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 neurooncologists reviewing head scans

Stereotactic radiosurgery is a highly targeted cancer treatment that has been in practice for more than 20 years. Despite its name, it does not require an invasive surgical procedure, but rather a unique, targeted approach to deliver precise high-dose radiation therapy. Carefully shaped radiation beams are used to destroy cancerous cells with great precision; using advanced technologies, neurosurgeons and radiation oncologists, working together, can pinpoint the radiation delivery field to within two millimeters of an intended target. Because of its exceptional accuracy, this treatment is often ideal for addressing tumors in hard-to-reach or delicate locations where traditional surgery may not be an option.

Benefits of stereotactic radiosurgery

Compared to conventional forms of radiation therapy, stereotactic radiosurgery allows radiation oncologists, together with neurosurgeons, to:

  • Selectively target a cancerous lesion(s)
  • Safely deliver the maximum prescribed dose of radiation therapy to a tumor in one to five sessions
  • Minimize radiation exposure to healthy tissues surrounding an abnormal growth

Collectively, these three advantages often lead to exceptional control of tumors, as well as fewer side effects and a higher quality of life. And, in situations where the tumors are located near the sensitive brain or spinal cord tissues, radiosurgery may pose a lower risk of complications than traditional operations.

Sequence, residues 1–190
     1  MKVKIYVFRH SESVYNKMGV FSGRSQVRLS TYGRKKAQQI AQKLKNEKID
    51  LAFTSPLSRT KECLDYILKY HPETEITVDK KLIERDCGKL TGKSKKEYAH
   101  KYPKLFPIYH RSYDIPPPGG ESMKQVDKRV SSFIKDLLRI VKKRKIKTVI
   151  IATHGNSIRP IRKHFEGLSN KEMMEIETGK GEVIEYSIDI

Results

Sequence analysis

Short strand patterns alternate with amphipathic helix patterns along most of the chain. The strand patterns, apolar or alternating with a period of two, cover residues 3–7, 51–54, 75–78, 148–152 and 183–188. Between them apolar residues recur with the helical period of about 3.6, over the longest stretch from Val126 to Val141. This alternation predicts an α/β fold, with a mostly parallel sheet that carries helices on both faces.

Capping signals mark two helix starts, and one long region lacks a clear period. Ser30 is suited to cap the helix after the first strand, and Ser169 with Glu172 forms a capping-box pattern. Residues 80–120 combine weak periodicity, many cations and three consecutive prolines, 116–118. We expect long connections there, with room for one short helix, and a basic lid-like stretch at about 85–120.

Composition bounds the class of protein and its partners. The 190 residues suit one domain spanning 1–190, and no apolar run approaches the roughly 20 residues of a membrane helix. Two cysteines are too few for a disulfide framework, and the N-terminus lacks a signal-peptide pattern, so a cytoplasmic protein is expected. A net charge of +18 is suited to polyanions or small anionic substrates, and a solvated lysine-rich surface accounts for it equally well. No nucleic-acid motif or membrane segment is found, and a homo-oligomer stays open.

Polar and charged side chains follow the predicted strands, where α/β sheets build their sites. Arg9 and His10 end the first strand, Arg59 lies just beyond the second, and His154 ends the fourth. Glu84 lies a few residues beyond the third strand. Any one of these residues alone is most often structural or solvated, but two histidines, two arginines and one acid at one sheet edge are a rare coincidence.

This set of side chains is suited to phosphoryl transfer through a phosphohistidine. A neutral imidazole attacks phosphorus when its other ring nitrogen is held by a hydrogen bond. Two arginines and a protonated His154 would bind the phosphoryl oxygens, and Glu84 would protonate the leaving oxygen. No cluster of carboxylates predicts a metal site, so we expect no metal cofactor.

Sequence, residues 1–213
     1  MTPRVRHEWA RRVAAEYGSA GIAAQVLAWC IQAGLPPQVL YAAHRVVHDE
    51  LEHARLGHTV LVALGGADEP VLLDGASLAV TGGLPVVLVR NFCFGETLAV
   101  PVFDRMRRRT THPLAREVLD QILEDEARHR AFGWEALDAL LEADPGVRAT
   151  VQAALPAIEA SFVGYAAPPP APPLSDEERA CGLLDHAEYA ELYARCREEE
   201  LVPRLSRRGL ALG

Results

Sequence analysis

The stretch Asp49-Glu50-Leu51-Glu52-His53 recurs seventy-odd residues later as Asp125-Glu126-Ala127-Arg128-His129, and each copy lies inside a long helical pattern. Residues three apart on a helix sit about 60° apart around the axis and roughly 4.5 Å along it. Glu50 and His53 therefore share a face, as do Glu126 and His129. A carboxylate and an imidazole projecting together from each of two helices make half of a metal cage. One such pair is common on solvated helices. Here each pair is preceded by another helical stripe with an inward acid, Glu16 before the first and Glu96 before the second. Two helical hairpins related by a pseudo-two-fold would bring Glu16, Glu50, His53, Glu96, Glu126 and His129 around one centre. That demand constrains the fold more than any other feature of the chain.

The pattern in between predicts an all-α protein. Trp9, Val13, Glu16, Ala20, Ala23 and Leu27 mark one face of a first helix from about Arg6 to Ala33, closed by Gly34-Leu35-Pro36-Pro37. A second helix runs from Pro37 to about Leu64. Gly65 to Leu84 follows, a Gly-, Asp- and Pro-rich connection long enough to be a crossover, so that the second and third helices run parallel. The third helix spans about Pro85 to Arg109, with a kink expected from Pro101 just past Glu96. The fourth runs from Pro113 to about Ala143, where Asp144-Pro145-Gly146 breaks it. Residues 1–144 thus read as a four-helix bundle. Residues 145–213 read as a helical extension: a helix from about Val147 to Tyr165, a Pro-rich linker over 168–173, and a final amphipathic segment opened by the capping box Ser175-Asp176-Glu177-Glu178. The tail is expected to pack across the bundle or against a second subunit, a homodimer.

Stereotactic radiosurgery side effects

As was noted above, when compared to certain other cancer treatment methods, stereotactic radiosurgery produces fewer side effects. With that being said, it’s still possible for some side effects to occur, such as:

  • Skin irritation and hair loss at the treatment site
  • Headache
  • Fatigue
  • Neurological issues (for example, numbness, tingling, seizures and weakness)
  • Gastrointestinal issues (for instance, diarrhea, nausea and vomiting)

These side effects are usually temporary, often resolving within just a few weeks. In many cases, medical providers are able to recommend treatments to counteract any resulting side effects (for example, a physician might prescribe an anti-inflammatory medication to reduce the swelling leading to headaches and nausea). Researchers are still working to determine whether there are any long-term side effects of stereotactic radiosurgery.

Moffitt’s approach to treating cancer with stereotactic radiosurgery

At Moffitt Cancer Center, our radiation oncologists, neurooncologists and neurosurgeons evaluate each patient’s unique diagnosis to determine the most beneficial treatment options. When a patient’s treatment plan includes stereotactic radiosurgery, the treatment is planned, prepared and provided by a collaborative team of radiation oncologists, neurosurgeons, radiation therapists, medical physicists, dosimetrists and supportive care providers. This team has great expertise in treating many different types of benign or malignant tumors, including hard-to-access tumors of the brain and spinal cord.

Anyone who is considering stereotactic radiosurgery or a similar treatment option does not need a physician referral to consult with the experts at Moffitt. To schedule an appointment, call 1-888-663-3488 or submit a new patient registration form online—we’ll be sure to put you in touch with a cancer expert as soon as possible. We welcome patients with all types of cancer and will develop an individualized treatment plan based on the specifics of a diagnosis.

Medically reviewed by Dr. Michael Vogelbaum and Dr. Michael Yu.


American Association of Neurological Surgeons: Stereotactic Radiosurgery

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